Sugar dating is not technically prostitution, in the sense that money is not offered for a particular service. There is instead an element of "financial support" that is integral to the relationship. There is "an emotional connection and expectations' that are absent in prostitution, says Alexandra Olariu, marketing head of SugarDaters. Sugar babies and toy boys choose their partners and will not necessarily seek to have "multiple customers' like prostitutes.

➡️ Read more on Worldcrunch.com

You touched it, you bought it: Street card scam for COVID times

Like the rest of us, street hustlers are adjusting to pandemic conditions. In Laval, a small city in western France, a young man who might have otherwise been taking passersby for a ride with Three-Card Monte or Find The Lady tricks, concocted a COVID-inspired scam for easy money.

The Ouest France daily reports that the suspect would ride around on his bicycle approaching people to sell them generic cards with random images of cute animals and the like. When the potential buyer tried to say "No thanks' and hand back the cards, the man said he couldn't take them because of the risk the cards were now infected by the coronavirus — and demanded payment.

The French national police unit based in nearby Mayenne apprehended the suspect Friday. If found guilty, he could face up to six months in prison and 3,750-euro fine. Can't hand that back either.

➡️ Keep up with all the planet's police reports and plot twists on Worldcrunch.com

490 sq miles

That's the size of a massive iceberg (nearly 1.5 times bigger than New York City) that has broken away from the Brunt Ice shelf in Antarctica. British scientists had started detecting cracks in the ice about a decade ago.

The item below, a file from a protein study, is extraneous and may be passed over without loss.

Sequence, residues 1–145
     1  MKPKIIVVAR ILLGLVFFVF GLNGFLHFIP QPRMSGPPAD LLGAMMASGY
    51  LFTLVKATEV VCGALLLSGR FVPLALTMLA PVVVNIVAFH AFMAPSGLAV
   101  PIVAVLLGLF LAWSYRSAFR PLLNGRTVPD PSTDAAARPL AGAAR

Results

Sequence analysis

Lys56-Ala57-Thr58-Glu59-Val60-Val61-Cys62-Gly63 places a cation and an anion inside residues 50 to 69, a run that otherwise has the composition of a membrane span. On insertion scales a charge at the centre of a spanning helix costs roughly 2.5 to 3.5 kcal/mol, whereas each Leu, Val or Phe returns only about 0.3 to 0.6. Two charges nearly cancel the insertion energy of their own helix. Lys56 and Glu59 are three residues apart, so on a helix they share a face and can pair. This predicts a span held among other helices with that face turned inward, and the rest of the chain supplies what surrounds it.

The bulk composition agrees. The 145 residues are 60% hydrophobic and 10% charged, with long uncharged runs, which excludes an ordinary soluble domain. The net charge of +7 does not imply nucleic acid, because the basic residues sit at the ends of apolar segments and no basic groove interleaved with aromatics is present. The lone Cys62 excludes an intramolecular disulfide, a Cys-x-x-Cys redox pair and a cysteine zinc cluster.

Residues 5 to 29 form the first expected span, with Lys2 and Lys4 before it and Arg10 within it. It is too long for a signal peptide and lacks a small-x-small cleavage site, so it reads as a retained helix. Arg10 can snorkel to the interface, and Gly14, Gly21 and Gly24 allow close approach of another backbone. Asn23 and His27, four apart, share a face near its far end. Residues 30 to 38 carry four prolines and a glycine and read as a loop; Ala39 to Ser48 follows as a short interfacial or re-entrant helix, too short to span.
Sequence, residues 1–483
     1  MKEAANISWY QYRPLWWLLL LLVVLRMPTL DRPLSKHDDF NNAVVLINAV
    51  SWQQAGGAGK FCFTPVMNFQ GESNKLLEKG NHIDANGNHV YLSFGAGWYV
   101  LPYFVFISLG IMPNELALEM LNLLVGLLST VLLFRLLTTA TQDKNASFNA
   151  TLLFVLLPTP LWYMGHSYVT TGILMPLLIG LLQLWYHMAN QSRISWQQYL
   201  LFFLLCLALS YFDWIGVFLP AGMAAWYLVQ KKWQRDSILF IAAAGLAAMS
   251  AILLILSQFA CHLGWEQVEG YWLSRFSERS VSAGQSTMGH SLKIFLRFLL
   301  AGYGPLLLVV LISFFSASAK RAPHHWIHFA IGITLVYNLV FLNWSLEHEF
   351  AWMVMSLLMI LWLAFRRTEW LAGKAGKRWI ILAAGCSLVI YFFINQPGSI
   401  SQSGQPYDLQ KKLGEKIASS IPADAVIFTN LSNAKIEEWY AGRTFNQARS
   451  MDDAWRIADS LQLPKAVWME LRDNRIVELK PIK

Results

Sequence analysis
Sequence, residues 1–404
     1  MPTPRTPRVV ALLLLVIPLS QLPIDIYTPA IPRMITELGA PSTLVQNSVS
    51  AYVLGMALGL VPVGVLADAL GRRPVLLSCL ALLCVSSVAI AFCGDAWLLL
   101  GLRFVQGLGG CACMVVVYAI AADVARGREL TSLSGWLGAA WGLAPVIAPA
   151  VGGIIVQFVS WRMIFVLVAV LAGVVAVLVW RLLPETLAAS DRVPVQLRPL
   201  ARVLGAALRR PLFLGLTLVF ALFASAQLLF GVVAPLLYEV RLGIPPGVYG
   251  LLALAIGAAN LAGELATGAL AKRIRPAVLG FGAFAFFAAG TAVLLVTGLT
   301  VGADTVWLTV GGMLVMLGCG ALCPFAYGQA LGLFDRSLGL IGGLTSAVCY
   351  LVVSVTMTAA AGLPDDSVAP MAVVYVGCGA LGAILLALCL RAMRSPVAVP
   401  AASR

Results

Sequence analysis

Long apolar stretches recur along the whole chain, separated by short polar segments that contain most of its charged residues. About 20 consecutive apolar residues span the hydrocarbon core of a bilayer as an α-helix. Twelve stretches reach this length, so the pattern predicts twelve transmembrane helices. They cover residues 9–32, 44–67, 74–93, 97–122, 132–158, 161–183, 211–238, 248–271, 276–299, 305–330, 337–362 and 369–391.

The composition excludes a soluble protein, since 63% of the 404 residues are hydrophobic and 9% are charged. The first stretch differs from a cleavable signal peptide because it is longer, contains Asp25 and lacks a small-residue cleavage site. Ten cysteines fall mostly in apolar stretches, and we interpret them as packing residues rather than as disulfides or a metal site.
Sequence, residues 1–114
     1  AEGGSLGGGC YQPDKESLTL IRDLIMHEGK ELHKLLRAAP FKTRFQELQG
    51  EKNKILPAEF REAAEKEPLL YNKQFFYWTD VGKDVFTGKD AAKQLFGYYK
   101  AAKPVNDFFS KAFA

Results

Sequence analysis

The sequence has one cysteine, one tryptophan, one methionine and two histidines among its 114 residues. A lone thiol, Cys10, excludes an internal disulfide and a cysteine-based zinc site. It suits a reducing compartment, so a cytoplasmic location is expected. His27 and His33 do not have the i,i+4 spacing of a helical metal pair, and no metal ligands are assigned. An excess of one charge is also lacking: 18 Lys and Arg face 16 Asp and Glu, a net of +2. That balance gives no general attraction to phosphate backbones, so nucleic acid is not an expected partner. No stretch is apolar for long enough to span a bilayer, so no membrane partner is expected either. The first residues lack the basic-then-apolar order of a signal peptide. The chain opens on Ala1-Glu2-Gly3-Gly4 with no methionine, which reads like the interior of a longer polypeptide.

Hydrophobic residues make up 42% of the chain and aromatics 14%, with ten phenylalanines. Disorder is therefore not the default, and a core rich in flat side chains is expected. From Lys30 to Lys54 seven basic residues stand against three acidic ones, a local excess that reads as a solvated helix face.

It's about time!

— Barbra Steisand on Twitter congratulating Chloé Zhao for winning Best director at the Golden Globes for her movie "Nomadland". She's only the second woman to be awarded this prize, the first one was Streisand, 40 years ago, for "Yentl". Zhao is also the first Asian woman ever to win the award.

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FOCUS: Russia-Ukraine War

The Russian Orthodox Church Has A Kremlin Spy Network — And Now It's Spreading Abroad

The Russian Orthodox Church has long supported Russia’s ongoing war effort in Ukraine. Now, clergy members in other countries are suspected of collaborating with and recruiting for Russian security forces.

Photo of Russian soldiers during mass at an Orthodox church in Moscow.

Russian soldiers during mass at an Orthodox church in Moscow.

Wiktoria Bielaszyn

WARSAW — Several countries have accused members of the Russian Orthodox clergy of collaborating with Russian security services, pushing Kremlin policy inside the church and even recruiting spies from within.

On Sept. 21, Bulgaria deported Russian Archimandrite Vassian, guardian of the Orthodox parish in Sofia, along with two Belarusian priests. In a press release, the Bulgarian national security agency says that clergy were deported because they posed a threat to national security. "The measures were taken due to their actions against the security and interests of the Republic of Bulgaria," Bulgarian authorities wrote in a statement, according to Radio Svoboda.

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These reports were also confirmed by Russia's ambassador to Bulgaria, Eleonora Mitrofanova, who told Russian state news agency TASS that the priests must leave Bulgaria within 24 hours. “After being declared persona non grata, Wassian and the other two clerics were taken home under police supervision to pack up their belongings. Then they will be taken to the border with Serbia" she said.